The fare of northeast Spain spotlights the vivid qualities of smoky seasonings, fresh produce, and an array of chiles.
Credit: Becky Luigart-Stayner

The people of the Spanish northeast province of Catalonia are famously creative, perhaps because of its independent spirit―Catalonia is an autonomous community within Spain. The province claims its own language―Catalan―and a distinctive sense of style in fashion, industrial design, and architecture. It was home to the surrealist artists Joan Miró and Salvador Dalí, as well as the Art Nouveau architect Antonio Gaudí. More recently, Chef Ferran Adrià has dazzled palates with his innovative molecular gastronomy and modern spin on traditional Spanish cuisine.

Like other Spanish regional cooking, Catalonia’s cuisine combines Roman, Moorish, and New World ingredients. The Romans brought olives, and now Spain boasts a thriving olive oil business, cultivating olive trees from north to south.

Yet the Moorish influence is especially strong. The Moors, who ruled Spain for centuries, cultivated rice in Valencia (a neighboring province). In Catalonia, rice is a staple ingredient for hearty dishes like paella, as well as simple vegetable and rice salads. Additionally, the Moors introduced the cultivation of almonds, citrus fruits, eggplant, and spinach, and the use of spices such as cumin, nutmeg, saffron, and black pepper.

The region boasts five culinary sauces now enjoyed throughout Spain as building blocks to create tasty dishes. One of the most well known of these sauces is romesco, the earthy, smoky pepper and nut sauce commonly used on fish. Our version is flexible, working as a condiment for simply cooked vegetables or as a salad dressing. Similar to a ratatouille, samfaina includes peppers, tomatoes, onions, and eggplant cooked down to an aromatic stew. Other sauces include sofrito (related to Italian soffritto), a cooked onion and garlic sauce base; allioli, which does not use an egg yolk (unlike the French version aioli) but plenty of garlic and oil to create an emulsion; and picada, which is derived from the Moorish nut-thickened sauce.

Vegetables take the spotlight in Catalonia since they are often served as a course by themselves and not typically as side dishes. Spices such as saffron and smoked paprika add depth to dishes without relying on meats and fish for flavor. Fruity extravirgin olive oil adds subtle flavor and is the cooking medium used in most dishes. (We’ve kept the amount of oil prudent because in Spain, olive oil is used for marinating, grilling, and sautéing, and dishes are often finished with an extra drizzle.) Catalonian cuisine has its roots in Old World ingredients, yet its savor bolsters vegetarian cooking for tasty dishes today.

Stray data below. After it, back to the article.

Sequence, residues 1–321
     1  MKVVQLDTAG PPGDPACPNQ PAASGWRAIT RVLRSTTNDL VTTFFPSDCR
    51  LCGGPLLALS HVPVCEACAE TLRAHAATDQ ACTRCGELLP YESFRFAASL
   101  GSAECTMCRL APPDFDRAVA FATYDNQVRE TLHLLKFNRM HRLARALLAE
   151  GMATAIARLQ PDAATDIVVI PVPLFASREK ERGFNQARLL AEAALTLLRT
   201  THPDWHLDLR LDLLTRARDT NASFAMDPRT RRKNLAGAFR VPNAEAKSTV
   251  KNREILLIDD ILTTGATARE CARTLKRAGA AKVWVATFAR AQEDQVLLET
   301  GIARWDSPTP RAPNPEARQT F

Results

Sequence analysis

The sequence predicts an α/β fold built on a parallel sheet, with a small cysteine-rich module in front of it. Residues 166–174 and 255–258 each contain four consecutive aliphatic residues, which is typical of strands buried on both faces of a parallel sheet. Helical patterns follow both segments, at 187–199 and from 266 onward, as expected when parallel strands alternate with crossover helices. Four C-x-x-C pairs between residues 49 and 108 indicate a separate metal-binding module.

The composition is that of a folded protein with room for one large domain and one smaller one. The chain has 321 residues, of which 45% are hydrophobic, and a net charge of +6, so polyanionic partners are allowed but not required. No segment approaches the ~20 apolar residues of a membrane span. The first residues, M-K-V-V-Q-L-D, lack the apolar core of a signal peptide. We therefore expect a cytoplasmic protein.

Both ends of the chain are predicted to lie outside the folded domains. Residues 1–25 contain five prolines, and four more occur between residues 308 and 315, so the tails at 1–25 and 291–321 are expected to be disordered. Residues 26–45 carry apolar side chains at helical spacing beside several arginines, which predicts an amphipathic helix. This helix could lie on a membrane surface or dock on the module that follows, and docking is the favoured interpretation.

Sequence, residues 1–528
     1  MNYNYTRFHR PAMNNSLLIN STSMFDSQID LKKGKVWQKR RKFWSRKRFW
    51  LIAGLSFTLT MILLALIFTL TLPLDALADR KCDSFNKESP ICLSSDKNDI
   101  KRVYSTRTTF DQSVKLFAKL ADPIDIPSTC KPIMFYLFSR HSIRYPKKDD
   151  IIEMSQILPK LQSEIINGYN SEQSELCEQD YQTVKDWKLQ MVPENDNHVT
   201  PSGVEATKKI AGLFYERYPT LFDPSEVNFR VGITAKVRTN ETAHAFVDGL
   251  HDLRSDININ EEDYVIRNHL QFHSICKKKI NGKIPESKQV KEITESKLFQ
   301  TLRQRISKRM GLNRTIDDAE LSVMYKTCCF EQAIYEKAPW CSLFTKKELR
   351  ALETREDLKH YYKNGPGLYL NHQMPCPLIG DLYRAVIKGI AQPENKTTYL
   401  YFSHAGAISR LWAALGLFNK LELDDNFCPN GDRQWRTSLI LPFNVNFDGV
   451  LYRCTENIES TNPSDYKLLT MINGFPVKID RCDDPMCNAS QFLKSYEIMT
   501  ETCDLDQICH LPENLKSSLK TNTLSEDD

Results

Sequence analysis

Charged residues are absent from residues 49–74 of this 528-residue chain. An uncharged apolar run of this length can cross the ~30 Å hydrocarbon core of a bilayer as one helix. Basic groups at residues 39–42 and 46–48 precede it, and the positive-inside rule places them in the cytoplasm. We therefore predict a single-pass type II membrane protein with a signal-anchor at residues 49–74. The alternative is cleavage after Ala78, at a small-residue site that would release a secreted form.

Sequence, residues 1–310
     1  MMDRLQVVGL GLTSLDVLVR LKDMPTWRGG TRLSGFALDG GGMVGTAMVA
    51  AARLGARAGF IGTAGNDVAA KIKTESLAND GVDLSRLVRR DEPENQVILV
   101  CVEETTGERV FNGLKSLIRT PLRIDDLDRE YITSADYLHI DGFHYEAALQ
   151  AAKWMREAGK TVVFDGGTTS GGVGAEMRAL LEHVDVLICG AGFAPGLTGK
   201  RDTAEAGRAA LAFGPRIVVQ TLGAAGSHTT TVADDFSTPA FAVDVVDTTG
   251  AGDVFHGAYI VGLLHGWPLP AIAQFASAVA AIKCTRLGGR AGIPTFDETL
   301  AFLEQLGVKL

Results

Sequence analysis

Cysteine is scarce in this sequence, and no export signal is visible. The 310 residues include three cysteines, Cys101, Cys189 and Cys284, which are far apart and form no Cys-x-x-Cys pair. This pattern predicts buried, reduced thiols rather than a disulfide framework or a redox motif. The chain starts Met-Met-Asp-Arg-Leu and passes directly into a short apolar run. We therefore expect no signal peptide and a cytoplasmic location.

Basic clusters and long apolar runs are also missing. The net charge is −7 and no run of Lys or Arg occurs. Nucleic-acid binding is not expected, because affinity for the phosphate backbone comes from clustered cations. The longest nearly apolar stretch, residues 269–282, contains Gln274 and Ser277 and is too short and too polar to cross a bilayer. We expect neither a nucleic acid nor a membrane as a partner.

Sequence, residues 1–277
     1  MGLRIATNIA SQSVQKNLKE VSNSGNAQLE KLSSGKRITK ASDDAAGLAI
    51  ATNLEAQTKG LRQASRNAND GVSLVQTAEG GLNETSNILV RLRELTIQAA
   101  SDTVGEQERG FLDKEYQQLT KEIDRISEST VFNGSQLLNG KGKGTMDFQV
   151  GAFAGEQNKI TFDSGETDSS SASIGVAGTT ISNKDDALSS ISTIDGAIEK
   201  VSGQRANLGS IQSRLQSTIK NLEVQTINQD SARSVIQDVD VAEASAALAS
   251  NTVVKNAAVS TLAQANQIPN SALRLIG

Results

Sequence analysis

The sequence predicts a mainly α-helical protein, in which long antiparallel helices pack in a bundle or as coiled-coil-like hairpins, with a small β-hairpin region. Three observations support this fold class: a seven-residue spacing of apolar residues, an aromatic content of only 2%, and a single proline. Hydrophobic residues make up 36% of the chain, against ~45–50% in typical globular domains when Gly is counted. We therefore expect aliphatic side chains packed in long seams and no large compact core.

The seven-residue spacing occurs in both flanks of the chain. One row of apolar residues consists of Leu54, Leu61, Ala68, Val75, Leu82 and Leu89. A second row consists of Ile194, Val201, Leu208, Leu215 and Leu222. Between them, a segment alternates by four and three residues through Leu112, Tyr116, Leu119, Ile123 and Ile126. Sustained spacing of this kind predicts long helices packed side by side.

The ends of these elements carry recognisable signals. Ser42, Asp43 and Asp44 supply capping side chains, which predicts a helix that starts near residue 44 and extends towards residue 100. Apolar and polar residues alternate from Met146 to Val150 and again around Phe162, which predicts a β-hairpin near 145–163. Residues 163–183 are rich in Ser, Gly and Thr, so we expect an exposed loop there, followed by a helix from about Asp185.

Signature Spanish ingredients

Sherry vinegar: This nutty, slightly sweet, and smooth vinegar imparts just a trace of oak.

Olive oil: Spanish extravirgin olive oils are now available at large supermarkets, in gourmet stores, and online from a,, or Catalonian oil tends to be lighter on the palate than other Spanish olive oils.

Saffron: A signature spice of Spain. For maximum flavor, saffron threads should be handled with care―crushed and added to a dish; toasted and then crushed; or steeped in a warm liquid like wine, stock, or water before being added to a dish. Imparts a golden hue to paella.

Piquillo peppers: These deep-red, bittersweet chiles are ideal for stuffing but may also be served drizzled with oil and sherry vinegar as an appetizer.

Romesco: This small dried pepper flavors the classic nut-thickened Catalonian sauce of the same name. Substitute dried ancho chile since the pepper is rarely exported.

Ñoras (pimiento choricero): These small, round dried peppers are common in Spanish cuisine and offer sweet and earthy backnotes to foods. They may be torn or chopped and added to stews, or rehydrated for paella or sofrito. Substitute sweet unsmoked pimentón.

Pimentón (paprika): This spice is a signature flavor component of Spanish cooking, whether dulce (sweet), agridulce (bittersweet), or picante (hot). Deeper red and coarser than the Hungarian version, pimentón colors stews and soups, and is the most widely used spice in the Spanish kitchen. Pimentón de la Vera is a smoked paprika, which offers robust, round, and meaty flavors to vegetarian dishes.

Rice: Typically a short- to medium-grain rice is used. Bomba and Calasparra are two well-known varieties.